author | home
Cells in multicellular organisms that directly give rise to gametes.
In animals the germ line cells tend to be sequestered, that is, separated from the non-germ line cells, or soma, fairly early on during development. This sequestration isn't the case for all organisms, however, such as plants.
Also relevant, and also involving plants as well as other types of organisms, is that gametes are not generated by via meiosis in all organisms, but instead will be products of mitosis if an organisms is haploid. Thus, in plants, not only is the germ line not sequestered but also meiosis does not give rise to gametes! See also alternation of generations, sexual reproduction, sexual cycle, egg, and sperm.
Germ line sequestration, though it does not occur in all organisms, likely is an important prerequisite to the evolution of multicellularity such as is seen in animals. The reason for this is that by sequestering the germ line it prevents other, non-germ line cells from contributing to the next generation, other than by their being "nice" to the germ line cells.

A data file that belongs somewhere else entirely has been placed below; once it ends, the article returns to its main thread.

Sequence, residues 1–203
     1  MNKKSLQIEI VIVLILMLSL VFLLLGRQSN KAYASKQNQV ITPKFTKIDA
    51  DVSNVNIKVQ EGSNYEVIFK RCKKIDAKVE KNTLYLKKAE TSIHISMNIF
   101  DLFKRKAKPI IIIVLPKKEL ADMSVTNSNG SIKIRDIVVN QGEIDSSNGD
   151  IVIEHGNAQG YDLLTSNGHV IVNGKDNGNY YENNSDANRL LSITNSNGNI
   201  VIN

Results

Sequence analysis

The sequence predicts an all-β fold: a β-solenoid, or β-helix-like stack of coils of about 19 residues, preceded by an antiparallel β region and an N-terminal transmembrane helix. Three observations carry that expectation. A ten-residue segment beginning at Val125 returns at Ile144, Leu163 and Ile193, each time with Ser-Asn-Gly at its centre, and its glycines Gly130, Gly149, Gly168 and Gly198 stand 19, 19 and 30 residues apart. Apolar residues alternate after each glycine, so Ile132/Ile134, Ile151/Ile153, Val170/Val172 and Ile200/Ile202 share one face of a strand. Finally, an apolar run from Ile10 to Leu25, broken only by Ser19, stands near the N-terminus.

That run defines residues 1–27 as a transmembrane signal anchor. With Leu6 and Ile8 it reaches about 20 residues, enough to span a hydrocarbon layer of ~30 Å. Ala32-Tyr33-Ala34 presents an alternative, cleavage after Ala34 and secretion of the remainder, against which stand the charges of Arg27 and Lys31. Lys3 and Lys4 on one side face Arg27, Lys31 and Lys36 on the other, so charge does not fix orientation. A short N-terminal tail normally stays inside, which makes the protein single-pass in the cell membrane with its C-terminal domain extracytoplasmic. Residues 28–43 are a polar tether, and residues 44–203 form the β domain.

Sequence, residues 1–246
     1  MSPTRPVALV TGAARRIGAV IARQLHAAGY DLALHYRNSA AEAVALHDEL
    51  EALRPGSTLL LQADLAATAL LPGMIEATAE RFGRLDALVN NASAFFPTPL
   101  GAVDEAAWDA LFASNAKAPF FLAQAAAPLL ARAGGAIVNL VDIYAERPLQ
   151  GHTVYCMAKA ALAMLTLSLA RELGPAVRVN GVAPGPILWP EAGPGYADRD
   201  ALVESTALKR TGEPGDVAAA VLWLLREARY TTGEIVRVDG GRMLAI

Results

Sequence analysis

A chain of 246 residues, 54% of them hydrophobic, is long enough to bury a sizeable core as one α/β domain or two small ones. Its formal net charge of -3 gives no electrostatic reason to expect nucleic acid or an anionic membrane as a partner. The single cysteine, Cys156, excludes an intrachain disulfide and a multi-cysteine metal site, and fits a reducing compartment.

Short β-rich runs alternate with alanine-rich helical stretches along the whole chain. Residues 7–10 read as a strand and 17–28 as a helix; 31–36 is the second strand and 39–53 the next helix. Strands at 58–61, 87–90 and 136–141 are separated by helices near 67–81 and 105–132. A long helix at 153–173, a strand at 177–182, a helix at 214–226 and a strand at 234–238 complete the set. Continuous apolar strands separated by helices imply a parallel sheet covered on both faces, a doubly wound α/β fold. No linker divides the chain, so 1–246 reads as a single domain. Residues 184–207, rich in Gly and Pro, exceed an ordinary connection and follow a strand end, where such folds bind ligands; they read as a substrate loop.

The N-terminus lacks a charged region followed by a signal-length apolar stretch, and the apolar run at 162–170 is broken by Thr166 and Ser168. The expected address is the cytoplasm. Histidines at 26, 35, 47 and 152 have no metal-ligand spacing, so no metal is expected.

That is, almost all of the cells in your body literally are evolutionary dead ends. Nevertheless, somatic cells share their genes with germ line cells. As a consequence, anything soma can do to contribute to the evolutionary success of the germ line directly contributes to their own evolutionary fitness, a process otherwise known as an enhancement of inclusive fitness, i.e., just as by saving your brother's life or baby sitting your sister's kids you are contributing to the fitness of your shared genes.
For more on this topic, see Wikipedia and Google. Contact web master. Return to home.